MOSCOW, August 17. /TASS/. Kremlin has noted the transfer to house arrest of French banker Philippe Delpal, one of the defendants in the Baring Vostok case, in the run-up to the meeting between Russian President Vladimir Putin and French President Emmanuel Macron in France. Putin has discussed this case with Macron earlier, Kremlin Aide Yuri Ushakov told reporters on Friday.
"On August 15, Philippe Delpal, a French businessman and partner at the Baring Vostok foundation, was released from custody and placed under house arrest," Ushakov stated. He reminded that the French leader had brought up this issue with the Russian president several times. "So in the run-up to the visit, this court decision was made," the aide said.
On Thursday, The Moscow City Court transferred Delpal to house arrest until October 13. Head of Baring Vostok Michael Calvey and former director of the Vostochny Bank Alexey Kordichev remain under house arrest as well.
Baring Vostok’s case
On February 13, Russia’s Investigative Committee launched a criminal case into the embezzlement of 2.5 bln rubles ($37.5 mln) from the Vostochny Bank. US citizen and founder of the Baring Vostok private equity firm Michael Calvey is the key defendant in the case. On February 15, the law enforcement agencies arrested Calvey and five others: Vagan Abgaryan, partner at Baring Vostok, Philippe Delpal, an investment partner for the financial industry sector at Baring Vostok, Ivan Zyuzin, Investment Director at Baring Vostok and also General Director of the First Collection Bureau Maxim Vladimirov and Advisor to the Management Board of Norvik Bank, Alexey Kordichev. They are all facing charges under part 4 article 159 of Russia’s Criminal Code (Swindling committed on a large scale by an organized group).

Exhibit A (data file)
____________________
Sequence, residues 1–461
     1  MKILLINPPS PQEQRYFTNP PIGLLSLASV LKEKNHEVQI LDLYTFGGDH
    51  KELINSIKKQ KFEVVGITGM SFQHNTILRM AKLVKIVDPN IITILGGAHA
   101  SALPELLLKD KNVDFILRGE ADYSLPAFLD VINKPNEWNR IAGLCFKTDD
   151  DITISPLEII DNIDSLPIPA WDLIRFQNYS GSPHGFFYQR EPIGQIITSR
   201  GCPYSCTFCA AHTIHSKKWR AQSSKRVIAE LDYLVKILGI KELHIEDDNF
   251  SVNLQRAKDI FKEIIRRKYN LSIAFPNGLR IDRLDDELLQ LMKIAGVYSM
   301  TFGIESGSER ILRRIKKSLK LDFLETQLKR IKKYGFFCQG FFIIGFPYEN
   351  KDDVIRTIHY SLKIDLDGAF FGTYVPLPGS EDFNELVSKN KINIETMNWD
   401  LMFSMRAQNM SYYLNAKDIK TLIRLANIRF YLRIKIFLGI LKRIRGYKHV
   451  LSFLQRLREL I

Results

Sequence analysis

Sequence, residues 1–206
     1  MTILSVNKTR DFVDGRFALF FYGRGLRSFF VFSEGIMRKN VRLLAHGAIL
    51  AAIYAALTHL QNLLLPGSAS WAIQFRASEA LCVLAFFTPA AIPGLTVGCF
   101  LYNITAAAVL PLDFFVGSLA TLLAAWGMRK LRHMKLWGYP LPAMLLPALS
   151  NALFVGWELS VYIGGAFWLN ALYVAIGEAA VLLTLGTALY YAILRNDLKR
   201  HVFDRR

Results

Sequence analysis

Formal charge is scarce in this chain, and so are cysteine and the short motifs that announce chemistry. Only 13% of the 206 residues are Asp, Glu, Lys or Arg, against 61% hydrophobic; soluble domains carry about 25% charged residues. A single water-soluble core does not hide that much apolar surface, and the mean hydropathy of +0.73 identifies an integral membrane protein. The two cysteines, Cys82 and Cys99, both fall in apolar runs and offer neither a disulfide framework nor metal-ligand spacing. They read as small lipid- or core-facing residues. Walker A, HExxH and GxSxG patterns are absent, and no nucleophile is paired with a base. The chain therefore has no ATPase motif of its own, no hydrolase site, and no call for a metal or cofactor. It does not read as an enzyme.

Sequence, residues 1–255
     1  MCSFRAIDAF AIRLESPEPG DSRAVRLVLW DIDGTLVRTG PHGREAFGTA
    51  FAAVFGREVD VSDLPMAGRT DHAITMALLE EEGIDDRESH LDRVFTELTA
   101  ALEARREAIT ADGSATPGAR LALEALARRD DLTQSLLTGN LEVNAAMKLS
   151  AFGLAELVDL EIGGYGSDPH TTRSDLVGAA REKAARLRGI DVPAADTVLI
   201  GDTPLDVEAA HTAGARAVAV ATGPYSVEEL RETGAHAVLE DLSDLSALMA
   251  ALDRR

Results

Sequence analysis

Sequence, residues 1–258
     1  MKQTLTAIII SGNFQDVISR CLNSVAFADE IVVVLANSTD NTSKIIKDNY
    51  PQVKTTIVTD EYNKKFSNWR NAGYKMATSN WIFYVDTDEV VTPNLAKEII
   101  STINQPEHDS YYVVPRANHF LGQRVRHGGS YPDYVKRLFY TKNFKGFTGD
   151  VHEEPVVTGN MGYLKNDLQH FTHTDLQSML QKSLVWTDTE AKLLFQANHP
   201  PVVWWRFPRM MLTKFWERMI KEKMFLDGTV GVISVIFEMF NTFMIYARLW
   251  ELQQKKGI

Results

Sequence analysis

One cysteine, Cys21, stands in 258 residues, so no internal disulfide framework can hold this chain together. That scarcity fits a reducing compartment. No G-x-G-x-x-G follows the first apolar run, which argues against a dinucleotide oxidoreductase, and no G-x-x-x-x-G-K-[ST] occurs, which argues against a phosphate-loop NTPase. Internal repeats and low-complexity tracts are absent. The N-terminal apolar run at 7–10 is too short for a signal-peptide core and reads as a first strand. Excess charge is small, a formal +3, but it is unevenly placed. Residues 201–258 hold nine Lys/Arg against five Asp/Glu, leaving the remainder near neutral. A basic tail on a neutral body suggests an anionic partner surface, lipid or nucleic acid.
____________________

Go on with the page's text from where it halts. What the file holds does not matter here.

By now, all of them have been placed under house arrest.
According to the investigation, Calvey and his accomplices put together a scheme, where the "First Collection Bureau", under their control, waived its right to a 59.9% stake in a Luxembourg-based company called the International Financial Technology Group (IFTG), to the Vostochny bank to pay it back for a 2.5 bln-ruble debt. Before the deal, IFTG’s shares were valued at 3 bln rubles. However, the investigation is examining another estimate of 600,000 rubles (according to a Cyprus-based company’s valuation). That said, the Central Bank claimed that the price of these shares was close to zero, the investigator noted.
Calvey rejected all charges and accused Yusupov and Avetisyan of a conjuring up bogus charges caused by a "corporate conflict" in the bank.